Books focusing on Black history and pride fill the shelves of a library. Along the walls, there are posters about historical Black figures, like Martin Luther King, Jr. and Rosa Parks, and there’s even a Juneteenth flag proudly hung in the center of a classroom.
Walking around the Joy Village School, a K-8 private school opening in August 2022 that centers on the joy and thriving of Black youth, you can already see the work that goes into making the environment a place where Black students can learn and thrive. And although the school will focus on the thriving of Black youth, children of all races are welcome to attend.Why It’s Newsworthy: Lora Smothers, founder and director of Joy Village School, launched the school in March 2021 because she had seen and heard enough about Black students not having their needs met in Athens-Clarke County schools.
According to Achievement Gap in CCSD, Clarke County School District’s student performance on the 2019 Georgia Milestones reflects that African American students from CCSD performed well below the state average and below their student group counterparts statewide.
Along with that, according to Student Discipline in Clarke County School District, an analysis of trends and disproportionalities in disciplinary infractions and consequences from 2014 to 2018, “African American students account for the majority of disciplinary infractions and that African American students comprise 50% of CCSD’s enrollment but 80% of students are referred for disciplinary infractions.”
CCSD declined to comment at this time.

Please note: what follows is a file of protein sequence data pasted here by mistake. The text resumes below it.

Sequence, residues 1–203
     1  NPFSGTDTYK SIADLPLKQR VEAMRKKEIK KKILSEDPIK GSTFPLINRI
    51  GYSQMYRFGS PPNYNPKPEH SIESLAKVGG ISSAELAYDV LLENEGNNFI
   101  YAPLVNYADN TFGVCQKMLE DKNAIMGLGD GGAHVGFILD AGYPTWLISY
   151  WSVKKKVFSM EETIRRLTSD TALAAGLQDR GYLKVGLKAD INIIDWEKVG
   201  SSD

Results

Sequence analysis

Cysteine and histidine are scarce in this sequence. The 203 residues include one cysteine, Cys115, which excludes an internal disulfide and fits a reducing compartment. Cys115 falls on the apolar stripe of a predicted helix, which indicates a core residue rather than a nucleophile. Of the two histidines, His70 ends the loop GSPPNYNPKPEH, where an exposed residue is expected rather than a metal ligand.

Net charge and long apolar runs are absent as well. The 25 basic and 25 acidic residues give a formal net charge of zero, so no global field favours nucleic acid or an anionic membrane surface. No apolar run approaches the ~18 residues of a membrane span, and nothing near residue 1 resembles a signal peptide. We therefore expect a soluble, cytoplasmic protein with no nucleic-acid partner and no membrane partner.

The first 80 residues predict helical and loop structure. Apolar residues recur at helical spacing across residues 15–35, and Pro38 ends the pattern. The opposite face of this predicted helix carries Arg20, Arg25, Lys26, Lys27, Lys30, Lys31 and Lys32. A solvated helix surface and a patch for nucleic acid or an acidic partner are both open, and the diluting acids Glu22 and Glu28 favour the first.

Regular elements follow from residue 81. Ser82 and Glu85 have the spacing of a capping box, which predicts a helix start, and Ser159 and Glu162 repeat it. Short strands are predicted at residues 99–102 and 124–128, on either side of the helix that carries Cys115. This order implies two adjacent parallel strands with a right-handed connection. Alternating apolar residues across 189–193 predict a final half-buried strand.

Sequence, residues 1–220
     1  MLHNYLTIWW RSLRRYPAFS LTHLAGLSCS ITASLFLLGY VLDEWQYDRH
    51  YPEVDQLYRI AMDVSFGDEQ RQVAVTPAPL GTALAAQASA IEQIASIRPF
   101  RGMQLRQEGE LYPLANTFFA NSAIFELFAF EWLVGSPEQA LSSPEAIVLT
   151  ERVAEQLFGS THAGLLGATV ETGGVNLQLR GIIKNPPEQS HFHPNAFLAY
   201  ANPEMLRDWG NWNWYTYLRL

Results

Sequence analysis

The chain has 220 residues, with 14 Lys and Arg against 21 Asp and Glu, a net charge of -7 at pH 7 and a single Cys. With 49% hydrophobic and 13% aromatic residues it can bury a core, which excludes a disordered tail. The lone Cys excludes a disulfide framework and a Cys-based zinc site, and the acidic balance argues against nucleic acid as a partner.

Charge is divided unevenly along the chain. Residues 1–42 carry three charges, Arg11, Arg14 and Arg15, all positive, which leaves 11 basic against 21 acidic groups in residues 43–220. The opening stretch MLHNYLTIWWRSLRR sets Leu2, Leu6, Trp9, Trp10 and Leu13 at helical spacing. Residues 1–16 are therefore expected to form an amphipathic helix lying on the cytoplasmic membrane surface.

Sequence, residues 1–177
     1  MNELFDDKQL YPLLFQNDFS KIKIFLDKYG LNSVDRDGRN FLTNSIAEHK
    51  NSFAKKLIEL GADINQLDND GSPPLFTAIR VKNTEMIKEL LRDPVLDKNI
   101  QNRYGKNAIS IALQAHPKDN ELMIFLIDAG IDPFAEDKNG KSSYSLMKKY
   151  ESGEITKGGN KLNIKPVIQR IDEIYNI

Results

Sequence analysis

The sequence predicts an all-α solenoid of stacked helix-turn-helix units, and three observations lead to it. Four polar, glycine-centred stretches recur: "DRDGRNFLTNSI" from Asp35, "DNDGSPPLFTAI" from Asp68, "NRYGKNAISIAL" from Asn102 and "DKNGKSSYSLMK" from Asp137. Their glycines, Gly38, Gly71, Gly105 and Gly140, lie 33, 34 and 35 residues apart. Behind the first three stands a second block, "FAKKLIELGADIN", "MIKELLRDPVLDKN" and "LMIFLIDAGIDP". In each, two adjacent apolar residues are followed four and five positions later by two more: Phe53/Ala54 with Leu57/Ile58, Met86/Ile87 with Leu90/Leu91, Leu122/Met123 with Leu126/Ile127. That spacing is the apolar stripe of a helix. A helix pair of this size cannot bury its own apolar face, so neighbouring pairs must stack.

When working in local private schools, Smothers observed that there’s a lot about Black culture in those spaces that aren’t allowed. For example, they were supposed to make sure the kids weren’t listening to rap music, or that they didn’t have their hoods on, and Smothers felt like these kids couldn’t be themselves.
Smothers says that there’s a lot of disenfranchisement of the Black community that is hard to overcome in our current school systems.
“My goal is that by pulling away we can kind of build up this little realm of positivity that can then serve as an example to some of the other schools of what’s possible,” says Smothers.
History of Race and Education in Athens
In 1954, the Supreme Court ruled in Brown vs. Board of Education that state-sanctioned segregation of public schools was in violation of the Fourteenth Amendment and was unconstitutional.
“It shook the world. It shook the South in particular. And so there was an effort to resist falling through with the order,” says Fred Smith, the Director of the East Athens Development Center, who is Athens born-and-raised and oversees the Athens Black History Bowl.
In Athens in particular, Smith says, that in the 50s, multiple schools were constructed and for the first time the state put a significant amount of money into Black education, which happened throughout a lot of the south.
In September 1963, Smith says the Athens local school district offered freedom of choice, which meant that students could decide if they wanted to attend previously all-white schools, so a couple of Black students started attending those schools.
In 1970, integration fully came to Athens when the white school, Athens High School, and the Black school, Burney-Harris High School, combined to make Clarke Central High School.
Smothers emphasize she had learned in schools that integration was a great thing, but that was not always the case because there was a lot of grief involved since their schools were forcibly closed.
Smith says one result of integration was that Black students started to be tracked into lower-level classes, which is a trend that he saw into at least the 90s when he was working as the president of the local NAACP in Athens.
According to “Black Segregation Matters,” throughout the nation, desegregation was durable and peaked in 1988, but since then the share of intensely segregated minority schools, which are schools that enroll 90-100% non-white students, has gone up from 32.1% in 1988 to 40.1% in 2018, showing the trend of resegregation.
“Fast forward to the 80s and 90s. I mean some people would call integration a failed project, because, at that time, a lot of the white families started to move elsewhere, like to Oconee County. And then there was this resegregation of our schools, which we see in full effect now,” says Smothers.